In this article, we will explore techniques for how to teach a one year old to swim that I have learned as a swim instructor. We will begin by gently introducing them to the water and the sensation of getting their faces wet. We will work our way towards what I call a ‘big swim’, when their face is submerged in the water. And by the end, you will be equipped with the foundational techniques needed for independent swimming in future.
How To Teach A One Year Old To Swim
Most parents want to teach their kids to swim in order to keep them safe, and so that they can enjoy swimming or other water activities together when they’re older. Basic water safety skills include more than just knowing how to swim, however. Knowing how to enter water safely, float or tread water, orientate themselves to face an exit, and climb back out are all equally important. Until you’re child is much older, teaching them them the basics of swimming is no substitute for supervising them in the water. But it is a fun way to introduce your toddler to the pool, and bond over a shared activity. So in this article, we’re going to focus with the foundational steps of swimming itself. Let’s begin!
Before they can swim, you want to ensure that your child is comfortable being in water. Pick a small, warm body of water like the bathtub that your child feels safe in. Encourage your child to play with water toys, splash, and experience the sensation of the water on their skin.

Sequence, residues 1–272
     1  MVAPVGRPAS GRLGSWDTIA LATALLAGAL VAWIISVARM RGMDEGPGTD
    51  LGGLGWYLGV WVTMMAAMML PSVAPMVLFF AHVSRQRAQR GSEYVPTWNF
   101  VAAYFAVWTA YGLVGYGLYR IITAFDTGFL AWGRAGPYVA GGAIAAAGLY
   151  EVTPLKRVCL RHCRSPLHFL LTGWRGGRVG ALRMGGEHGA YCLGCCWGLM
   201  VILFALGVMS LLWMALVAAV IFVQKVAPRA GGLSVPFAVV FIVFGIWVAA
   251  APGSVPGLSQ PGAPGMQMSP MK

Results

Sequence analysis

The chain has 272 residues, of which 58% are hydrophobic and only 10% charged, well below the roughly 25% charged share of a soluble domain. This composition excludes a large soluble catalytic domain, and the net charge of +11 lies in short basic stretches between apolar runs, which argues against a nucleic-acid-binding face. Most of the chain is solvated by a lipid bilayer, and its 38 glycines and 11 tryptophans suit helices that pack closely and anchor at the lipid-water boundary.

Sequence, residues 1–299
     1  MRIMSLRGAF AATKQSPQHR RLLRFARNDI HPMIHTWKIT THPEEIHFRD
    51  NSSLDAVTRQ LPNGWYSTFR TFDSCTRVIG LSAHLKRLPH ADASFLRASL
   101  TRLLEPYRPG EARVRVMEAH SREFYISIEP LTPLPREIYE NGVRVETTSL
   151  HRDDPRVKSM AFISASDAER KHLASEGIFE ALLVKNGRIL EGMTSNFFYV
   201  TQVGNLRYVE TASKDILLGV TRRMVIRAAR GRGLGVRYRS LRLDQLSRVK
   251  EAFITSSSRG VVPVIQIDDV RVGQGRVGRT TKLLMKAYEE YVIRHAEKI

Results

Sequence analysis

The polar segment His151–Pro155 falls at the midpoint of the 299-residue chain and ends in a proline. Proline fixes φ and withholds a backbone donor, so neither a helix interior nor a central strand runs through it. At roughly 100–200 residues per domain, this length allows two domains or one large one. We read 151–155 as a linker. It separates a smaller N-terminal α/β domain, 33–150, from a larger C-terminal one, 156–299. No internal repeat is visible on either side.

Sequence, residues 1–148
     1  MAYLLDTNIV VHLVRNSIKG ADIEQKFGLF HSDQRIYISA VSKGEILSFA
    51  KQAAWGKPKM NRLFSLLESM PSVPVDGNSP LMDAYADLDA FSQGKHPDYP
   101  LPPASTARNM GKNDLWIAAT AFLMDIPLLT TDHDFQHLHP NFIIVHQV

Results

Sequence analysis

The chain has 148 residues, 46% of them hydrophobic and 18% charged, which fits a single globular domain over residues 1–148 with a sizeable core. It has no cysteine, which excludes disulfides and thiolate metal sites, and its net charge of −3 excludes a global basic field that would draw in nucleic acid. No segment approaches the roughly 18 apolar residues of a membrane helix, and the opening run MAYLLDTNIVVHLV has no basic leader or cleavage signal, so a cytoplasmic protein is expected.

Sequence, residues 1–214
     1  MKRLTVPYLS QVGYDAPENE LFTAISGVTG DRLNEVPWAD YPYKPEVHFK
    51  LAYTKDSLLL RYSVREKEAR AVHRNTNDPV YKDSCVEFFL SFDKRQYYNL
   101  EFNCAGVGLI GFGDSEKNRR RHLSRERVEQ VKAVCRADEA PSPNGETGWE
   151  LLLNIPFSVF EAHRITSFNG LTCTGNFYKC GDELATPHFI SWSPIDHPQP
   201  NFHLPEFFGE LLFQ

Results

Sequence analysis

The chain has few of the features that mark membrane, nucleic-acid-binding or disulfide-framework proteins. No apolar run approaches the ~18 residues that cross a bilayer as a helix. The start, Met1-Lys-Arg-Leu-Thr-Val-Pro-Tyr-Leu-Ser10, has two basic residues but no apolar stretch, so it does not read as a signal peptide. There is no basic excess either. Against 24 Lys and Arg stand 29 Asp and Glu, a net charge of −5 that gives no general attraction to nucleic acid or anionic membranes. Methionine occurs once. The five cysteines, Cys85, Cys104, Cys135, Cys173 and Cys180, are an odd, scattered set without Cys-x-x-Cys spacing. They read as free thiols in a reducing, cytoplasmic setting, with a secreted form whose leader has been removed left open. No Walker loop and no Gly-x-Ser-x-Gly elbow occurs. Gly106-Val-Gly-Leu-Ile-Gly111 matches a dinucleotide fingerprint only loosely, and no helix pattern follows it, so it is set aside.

Once they are comfortable, use a cup and begin gently pouring water over their shoulders and back. Slowly move the cup above their heads and allow the water to rain down over their face. Repeat this process until the child is totally comfortable with it. An important technique to implement in these early stages is the use of a priming phrase. Before you pour the water, use a phrase such as ‘[Child’s name], ready, go!’. This will prime them to expect the water and close their eyes whenever they hear the phrase. Instinctively, their airways will also close.
Entering The Pool
Next you will need to find a pool. Bring a cup, and any water toys your child enjoys. This is a new environment for them, and we want to ensure that they feel safe and comfortable.
Hold your child securely and enter the pool in the shallow area. Allow them to adjust to the feeling of being held as you move them through the water. Once they seem comfortable, you can begin using the priming phrase followed by the cup to get their hair and face wet.
Singing songs and playing games can be especially useful at this stage. If your pool has an extra-shallow area they can walk or toddle in, spread some toys around and encourage them to clean up the toys. Games like this help children view the pool as a safe, friendly environment.
Now that they’re comfortable in the water, your child is ready to submerge their face and complete their first big swim. During a big swim, we want to make sure that your child does not swallow any water. To do this, you’ll repeat your priming phrase, and lightly tap their lips on the surface of the water before submerging them. This will prompt them to instinctively close their eyes and mouth.
- Hold your child in the prone position (face and belly down, in your arms) as you slowly walk through the water.
- Begin to say your priming phrase, ‘[Child’s name], ready, go!’
- Once you say ‘go’, tap their lips on the water and then lower them down until their entire face is submerged.